Today, there are more bands fronted by women who put on the tough guise and bring it just as hard as any man around, and this is likely due to the influx of women into metal and the shifting of mindsets. In Metal: A Headbanger’s Journey, Angela Gossow of Arch Enemy talks about adopting a tougher style and persona in order to feel powerful on stage. She also speaks about how young girls come up to her after shows  to talk about how her performance inspire them. Most metalheads know Angela, who happens to have one of the best guttural screams live in the whole metal genre, but there are a lot of other bands out there that don’t get quite the same press. OurStage’s own Abnormality (whose song “Visions” was featured in a Rock Band game) is one of these bands. While listening to Mallika’s vocals, it’s nearly impossible to tell she’s a woman, and it’s refreshing to hear a female fronting a brutal death metal band. Other women who rock the guttural vocals and the tough guise include (and is certainly not limited to): Otep Shamaya of Otep, Krysta Cameron of Iwrestledabearonce, Candace Kucsulain of Walls of Jericho, Mel Mongeon of Fuck The Facts and Alissa White-Gluz of The Agonist.

Still think that all bands with women are like Evanescence, Lacuna Coil, Epica, Nightwish, In This Moment and the like? I can’t really see how you could. If you still need convincing, check out this video of Angela Gossow and Arch Enemy commanding a crowd in Japan to the tune of their song “Tyrants of the Rising Sun”

Metal Monday: Metal DVDs 101

Though physical sales of music have been on a very steady decline in recent years, there are two genres of music that still really appreciate the physical item, and metal is one of those genres (country being the other). Metalheads might not be buying the most CDs out there, but you’d be hard pressed to find a metalhead that doesn’t own a fair amount of metal merch. T-shirts, posters, vinyl, stickers, patches, you name it, metalheads want it. One of the few physical mediums of music still selling pretty well are DVDs.

Metal DVDs usually fall into one of three different styles: bonus material, live sets or documentary-style. Many DVDs often have multiple discs, each disk featuring a different type of content. Given that so much emphasis is put on metal bands playing live, it shouldn’t be much of a surprise to know that most DVDs have a strong emphasis on live footage of bands. Out of the most highly regarded metal DVDs out there, most feature some combination of truly interesting footage or include a very special performance. For example, Gojira‘s The Link Alive is a DVD that essentially features a live set, but that live set is of the band playing The Link from front to back (with a couple extra songs) in a very small, intimate, packed venue full of passionate fans.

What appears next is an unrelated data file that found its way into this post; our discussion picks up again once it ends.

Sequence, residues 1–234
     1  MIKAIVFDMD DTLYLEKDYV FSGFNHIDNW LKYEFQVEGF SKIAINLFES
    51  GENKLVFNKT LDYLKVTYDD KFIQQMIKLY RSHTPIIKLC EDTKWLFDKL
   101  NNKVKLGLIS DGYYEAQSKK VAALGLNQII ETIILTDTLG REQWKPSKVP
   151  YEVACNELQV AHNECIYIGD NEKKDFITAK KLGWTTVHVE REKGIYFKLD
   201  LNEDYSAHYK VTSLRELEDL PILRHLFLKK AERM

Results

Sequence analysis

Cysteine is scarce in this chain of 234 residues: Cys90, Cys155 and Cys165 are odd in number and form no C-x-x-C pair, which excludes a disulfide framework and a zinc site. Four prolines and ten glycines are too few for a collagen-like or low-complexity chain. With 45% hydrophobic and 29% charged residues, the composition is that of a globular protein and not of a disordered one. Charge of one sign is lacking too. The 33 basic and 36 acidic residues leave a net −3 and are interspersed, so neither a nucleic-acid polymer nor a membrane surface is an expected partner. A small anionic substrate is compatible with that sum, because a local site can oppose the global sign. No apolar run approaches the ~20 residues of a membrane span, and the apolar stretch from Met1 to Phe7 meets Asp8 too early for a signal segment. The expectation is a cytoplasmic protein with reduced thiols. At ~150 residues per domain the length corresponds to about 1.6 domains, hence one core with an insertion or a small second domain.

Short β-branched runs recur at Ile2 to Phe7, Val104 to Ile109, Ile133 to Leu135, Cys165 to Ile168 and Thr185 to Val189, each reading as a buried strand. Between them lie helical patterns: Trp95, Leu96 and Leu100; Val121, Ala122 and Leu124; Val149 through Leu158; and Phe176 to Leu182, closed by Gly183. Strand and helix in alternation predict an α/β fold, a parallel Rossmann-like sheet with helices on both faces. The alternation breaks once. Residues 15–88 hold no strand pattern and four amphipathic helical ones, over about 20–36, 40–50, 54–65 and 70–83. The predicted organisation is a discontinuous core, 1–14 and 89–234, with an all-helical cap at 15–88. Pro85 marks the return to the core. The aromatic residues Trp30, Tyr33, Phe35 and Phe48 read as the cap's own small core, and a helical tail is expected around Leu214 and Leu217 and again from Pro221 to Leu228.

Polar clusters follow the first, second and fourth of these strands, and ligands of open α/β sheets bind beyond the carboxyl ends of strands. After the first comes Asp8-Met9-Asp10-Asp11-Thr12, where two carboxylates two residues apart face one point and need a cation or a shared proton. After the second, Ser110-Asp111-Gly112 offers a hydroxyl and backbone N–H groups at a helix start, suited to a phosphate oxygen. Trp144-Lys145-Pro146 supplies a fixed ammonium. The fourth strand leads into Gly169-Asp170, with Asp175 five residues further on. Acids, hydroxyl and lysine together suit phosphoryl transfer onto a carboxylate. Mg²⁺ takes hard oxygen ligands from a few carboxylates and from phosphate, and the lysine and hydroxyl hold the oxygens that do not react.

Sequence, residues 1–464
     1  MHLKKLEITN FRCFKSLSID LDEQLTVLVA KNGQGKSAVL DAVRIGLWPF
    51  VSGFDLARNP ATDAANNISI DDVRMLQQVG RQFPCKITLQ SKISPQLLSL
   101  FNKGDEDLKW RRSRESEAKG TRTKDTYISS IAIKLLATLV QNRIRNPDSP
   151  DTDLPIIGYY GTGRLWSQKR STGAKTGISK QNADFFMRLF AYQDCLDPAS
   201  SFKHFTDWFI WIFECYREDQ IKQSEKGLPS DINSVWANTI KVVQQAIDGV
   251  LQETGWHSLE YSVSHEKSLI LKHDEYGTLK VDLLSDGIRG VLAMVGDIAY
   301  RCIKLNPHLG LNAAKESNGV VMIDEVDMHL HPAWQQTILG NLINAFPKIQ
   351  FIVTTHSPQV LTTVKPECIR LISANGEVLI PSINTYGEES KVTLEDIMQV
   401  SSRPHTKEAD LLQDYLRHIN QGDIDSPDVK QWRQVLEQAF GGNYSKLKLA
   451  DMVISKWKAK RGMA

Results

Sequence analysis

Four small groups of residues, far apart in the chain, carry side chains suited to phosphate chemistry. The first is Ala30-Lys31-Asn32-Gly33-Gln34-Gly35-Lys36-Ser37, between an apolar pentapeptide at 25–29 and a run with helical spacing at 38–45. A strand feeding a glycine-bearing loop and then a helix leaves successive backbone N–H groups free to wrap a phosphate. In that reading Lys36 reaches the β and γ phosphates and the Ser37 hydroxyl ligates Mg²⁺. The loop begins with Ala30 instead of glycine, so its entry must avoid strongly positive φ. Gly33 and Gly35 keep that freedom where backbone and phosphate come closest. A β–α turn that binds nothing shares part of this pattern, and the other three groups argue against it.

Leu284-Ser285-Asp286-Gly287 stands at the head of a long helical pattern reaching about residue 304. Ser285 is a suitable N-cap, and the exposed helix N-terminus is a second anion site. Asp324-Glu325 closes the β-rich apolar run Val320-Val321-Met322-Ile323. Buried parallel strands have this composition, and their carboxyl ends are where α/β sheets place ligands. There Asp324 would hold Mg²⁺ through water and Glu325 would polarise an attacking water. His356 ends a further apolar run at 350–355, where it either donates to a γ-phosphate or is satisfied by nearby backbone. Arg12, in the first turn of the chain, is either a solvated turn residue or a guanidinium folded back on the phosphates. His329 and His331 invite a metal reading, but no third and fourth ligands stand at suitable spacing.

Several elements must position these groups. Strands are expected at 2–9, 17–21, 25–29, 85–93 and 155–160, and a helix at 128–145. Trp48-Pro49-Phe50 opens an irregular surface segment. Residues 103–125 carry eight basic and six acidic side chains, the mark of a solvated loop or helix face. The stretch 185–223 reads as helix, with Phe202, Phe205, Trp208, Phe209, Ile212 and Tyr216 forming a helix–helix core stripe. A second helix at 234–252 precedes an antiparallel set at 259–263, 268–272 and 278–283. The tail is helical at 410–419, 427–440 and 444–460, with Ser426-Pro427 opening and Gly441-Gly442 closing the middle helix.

As rated by the members of metalstorm.net, the highest rated DVD with more than twenty votes is Pain of Salvation‘s Ending Themes: On The Two Deaths Of Pain Of Salvation—a truly remarkable DVD. It is a two-disc set, the first DVD featuring a rather lengthy ten-part documentary on the band, the second featuring a sixteen song live set from Amsterdam (a great set, at that). In addition to the two main components, there are quite a few “bonus features” on each disk, including things such as deleted scenes, the making of, a quiz, etc. Pain of Salvation really got it right with Ending Themes. If you’re looking for another DVD that follows this general format, The Black Dahlia Murder‘s Majesty is a pretty great package, though their documentary is  filled with hilarious European tour antics.

Every now and then, a band comes along and absolutely shatters the current “metal DVD” mold. One of the more landmark releases that steps outside of the regular realm of metal DVDs is HORSE the Band‘s Earth Tour DVD. A monolithic seven-DVD set that chronicles the band’s legendary “Earth Tour” spanning forty-five countries in four different continents. The movie totals about ten and a half hours, boiled down from 134 hours of footage according to the band’s statistics. The physical package comes with the DVDs, a photo book and some sort of random keepsake from the band. Since those packages are pretty limited, you can get a torrent of the photobook and movie, straight from the band themselves and all they ask is for a modest donation. Certainly worth spending a few bucks for, even if you’re not a huge HORSE the Band fan.

What it really boils down to is that some of the best metal DVDs aren’t just bands playing live or doing some sort of menial things that all metal bands do. Instead, what makes a metal DVD great is when the content is truly special in some way, whether it’s a remarkable live performance (Gojira), tells a gripping story of band doing something totally unorthodox (HORSE the Band) or features a bunch of people having a great time clearly showing they love what they’re doing (The Black Dahlia Murder). So, readers, what are some of your favorite metal DVDs that you’ve seen, and why?